My 2005 experience lays in stark contrast to a recent encounter where my accent was once again thrust into the spotlight. I was playing a show in Williamsburg backing an artist with whom I greatly admire. Most of her fan base reflects the new Williamsburg/Bushwick demographic – mid-20’s to late-30’s, mostly white, transplants, and in all likelihood, high money earners or trust fund babies to which the working class Brooklyn ethos might appear foreign. I have played in a lot of different projects over the years and must say that the current Williamsburg music scene is a great one for musicians. The fans are earnest, support their artists by coming to see them live and are enthusiastic at shows.
On this particular Tuesday night, the room was full and the energy was live. So, here I am, a lifelong “dyed in the wool” Brooklynite amongst the “newbie” transplants that call Williamsburg “Billyburg.” On two separate occasions that night I was asked not only where I was from but where was my accent from? I thought they couldn’t be serious but I soon realized that they were. For a second I was nervous. Did I lose my accent somewhere along the way, amidst my travels and contact with non-Brooklynites?
Because of some outward markings my oldest and closest friends often joke that I am a hipster but the dead giveaway that I am not is my accent. However, the two people I spoke with thought I was like them, a transplant from another place but they couldn’t figure out from where. I was a bit shocked that these two individuals didn’t make the connection. In a very nice way I explained that I was from Brooklyn. Really from Brooklyn! I felt compelled to not only bring their attention to the fact that they were in the presence of a life long Brooklynite but also that our numbers were beginning to dwindle as transplants such as themselves began to populate Brooklyn and change the culture – for better or worse. It was too much for the both of them. The gentleman nodded and walked away as if the conversation was leading to a place inappropriate for a light social gathering. The young women smiled and stared at me blankly like a deer caught in headlights. She did not seem to understand where I was coming from. If there is one obvious quality that the new Williamsburg residents share, other than their obsession with distinctions, it is that they do not like to have their good time interrupted.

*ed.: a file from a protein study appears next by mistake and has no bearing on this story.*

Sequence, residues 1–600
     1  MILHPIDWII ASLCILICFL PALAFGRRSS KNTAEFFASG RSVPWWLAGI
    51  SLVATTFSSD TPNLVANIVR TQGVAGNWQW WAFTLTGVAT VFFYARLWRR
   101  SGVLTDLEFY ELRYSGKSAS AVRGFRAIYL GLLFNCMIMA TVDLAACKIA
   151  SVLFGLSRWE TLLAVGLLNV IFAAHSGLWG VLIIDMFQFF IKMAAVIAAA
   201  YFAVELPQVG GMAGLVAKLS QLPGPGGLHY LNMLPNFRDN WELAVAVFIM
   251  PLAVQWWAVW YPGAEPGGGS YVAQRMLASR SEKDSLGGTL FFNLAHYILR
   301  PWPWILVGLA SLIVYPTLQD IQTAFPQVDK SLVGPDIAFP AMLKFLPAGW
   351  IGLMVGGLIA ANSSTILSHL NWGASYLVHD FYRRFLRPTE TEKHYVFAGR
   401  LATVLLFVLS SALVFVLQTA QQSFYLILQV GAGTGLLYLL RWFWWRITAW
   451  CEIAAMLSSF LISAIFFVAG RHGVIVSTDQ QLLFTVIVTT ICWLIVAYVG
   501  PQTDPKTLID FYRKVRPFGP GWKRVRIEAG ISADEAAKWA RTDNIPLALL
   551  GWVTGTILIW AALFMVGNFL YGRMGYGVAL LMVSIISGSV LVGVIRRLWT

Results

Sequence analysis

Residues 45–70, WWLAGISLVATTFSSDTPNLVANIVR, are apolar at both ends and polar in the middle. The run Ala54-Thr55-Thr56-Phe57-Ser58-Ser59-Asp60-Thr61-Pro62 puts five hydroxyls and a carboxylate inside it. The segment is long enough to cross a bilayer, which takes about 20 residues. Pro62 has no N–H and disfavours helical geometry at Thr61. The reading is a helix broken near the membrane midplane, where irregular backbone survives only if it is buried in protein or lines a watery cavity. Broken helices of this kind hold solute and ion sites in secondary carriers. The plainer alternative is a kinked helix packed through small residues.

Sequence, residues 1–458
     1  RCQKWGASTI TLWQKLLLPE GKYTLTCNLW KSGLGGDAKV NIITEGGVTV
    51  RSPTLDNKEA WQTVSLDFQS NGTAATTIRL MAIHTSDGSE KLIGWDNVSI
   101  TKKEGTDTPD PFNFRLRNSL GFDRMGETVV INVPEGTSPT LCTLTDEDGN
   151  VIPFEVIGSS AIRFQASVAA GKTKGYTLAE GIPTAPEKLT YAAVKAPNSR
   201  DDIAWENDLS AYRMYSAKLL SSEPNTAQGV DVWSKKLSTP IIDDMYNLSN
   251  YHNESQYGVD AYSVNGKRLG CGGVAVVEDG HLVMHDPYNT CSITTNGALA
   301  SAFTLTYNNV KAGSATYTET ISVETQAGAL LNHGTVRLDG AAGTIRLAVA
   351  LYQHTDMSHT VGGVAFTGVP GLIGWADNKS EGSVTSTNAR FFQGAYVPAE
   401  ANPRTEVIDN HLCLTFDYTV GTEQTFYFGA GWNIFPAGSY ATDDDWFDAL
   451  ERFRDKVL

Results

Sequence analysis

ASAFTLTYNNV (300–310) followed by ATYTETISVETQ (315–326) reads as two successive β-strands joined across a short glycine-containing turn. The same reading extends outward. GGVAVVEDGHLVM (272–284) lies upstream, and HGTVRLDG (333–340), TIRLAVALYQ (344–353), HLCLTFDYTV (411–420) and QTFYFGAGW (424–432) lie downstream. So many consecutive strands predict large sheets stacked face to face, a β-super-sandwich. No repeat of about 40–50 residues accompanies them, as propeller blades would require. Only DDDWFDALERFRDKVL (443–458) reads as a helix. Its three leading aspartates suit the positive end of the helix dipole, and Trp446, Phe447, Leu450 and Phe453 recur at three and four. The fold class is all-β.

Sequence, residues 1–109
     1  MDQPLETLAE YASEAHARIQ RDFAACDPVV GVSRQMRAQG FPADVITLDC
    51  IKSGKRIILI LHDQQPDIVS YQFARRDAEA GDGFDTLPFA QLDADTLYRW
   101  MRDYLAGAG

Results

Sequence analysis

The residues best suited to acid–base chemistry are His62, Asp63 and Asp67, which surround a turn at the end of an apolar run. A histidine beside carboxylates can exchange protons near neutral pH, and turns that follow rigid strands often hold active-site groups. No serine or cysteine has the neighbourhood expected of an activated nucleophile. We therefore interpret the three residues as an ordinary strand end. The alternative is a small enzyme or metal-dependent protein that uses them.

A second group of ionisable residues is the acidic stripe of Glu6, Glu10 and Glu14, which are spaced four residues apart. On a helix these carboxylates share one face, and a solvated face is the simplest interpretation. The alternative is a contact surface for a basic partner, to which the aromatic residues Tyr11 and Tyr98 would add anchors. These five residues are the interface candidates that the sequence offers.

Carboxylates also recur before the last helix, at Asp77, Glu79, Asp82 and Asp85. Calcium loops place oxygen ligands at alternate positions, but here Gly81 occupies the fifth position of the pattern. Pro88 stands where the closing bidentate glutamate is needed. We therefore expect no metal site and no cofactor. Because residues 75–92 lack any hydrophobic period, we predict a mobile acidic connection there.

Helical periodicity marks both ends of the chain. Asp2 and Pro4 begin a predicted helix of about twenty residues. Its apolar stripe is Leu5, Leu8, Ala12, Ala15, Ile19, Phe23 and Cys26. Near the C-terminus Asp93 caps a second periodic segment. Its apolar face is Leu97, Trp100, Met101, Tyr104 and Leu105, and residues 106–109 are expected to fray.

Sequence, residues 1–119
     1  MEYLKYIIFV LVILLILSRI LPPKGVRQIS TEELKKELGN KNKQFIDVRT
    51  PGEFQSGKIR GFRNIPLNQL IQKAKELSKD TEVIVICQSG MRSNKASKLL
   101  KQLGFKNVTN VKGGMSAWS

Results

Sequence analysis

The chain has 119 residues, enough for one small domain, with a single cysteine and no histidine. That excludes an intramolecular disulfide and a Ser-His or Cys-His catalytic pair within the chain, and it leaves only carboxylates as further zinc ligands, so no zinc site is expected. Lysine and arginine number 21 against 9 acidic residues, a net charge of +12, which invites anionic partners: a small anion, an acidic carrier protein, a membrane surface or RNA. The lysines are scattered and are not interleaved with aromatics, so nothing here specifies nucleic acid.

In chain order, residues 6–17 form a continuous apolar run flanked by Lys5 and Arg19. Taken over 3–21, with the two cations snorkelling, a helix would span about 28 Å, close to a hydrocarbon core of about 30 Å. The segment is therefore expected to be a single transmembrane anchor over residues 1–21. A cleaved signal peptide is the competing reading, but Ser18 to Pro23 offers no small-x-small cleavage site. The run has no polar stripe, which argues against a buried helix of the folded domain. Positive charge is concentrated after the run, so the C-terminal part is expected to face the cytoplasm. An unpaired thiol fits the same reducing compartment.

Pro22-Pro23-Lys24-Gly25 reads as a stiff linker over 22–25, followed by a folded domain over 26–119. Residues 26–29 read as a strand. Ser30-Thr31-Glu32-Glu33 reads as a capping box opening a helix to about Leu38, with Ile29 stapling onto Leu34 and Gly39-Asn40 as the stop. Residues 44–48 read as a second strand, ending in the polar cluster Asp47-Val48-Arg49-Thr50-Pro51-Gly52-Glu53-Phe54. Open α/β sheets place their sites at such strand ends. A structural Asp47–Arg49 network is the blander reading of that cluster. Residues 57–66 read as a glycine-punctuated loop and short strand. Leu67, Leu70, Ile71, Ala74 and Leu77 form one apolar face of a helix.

Maybe my reaction was not the most diplomatic approach but I was also mired in the difficult process of searching for a new apartment rental and I let my frustration get the best of me. The house in which I was renting an apartment in Kensington was sold, I had to find a new place to live and it was my first experience being a housing seeker in a sea of gentrification. I quickly found that as a working class musician I was not only priced out of the more desirable Brooklyn neighborhoods, but I was also on the verge of being unable to stay in Kensington, my “hood” since 1992. The price on Brooklyn rentals increased close to 7% in 2011, which does not sound like a lot but to a freelance musician, it is.
I was working with several realtors during the search and they all relayed the same story – Brooklyn is a hot commodity and the transplants have the capital to acquire it. I can understand their desire. There is something about Brooklyn sensibilities and roots that translate worldwide. I have traveled as far away as Japan and people always seem to recognize my accent and Brooklyn “attitude.” When you are from Brooklyn you carry a certain “street cred” and cultural capital that is both sophisticated and down to earth.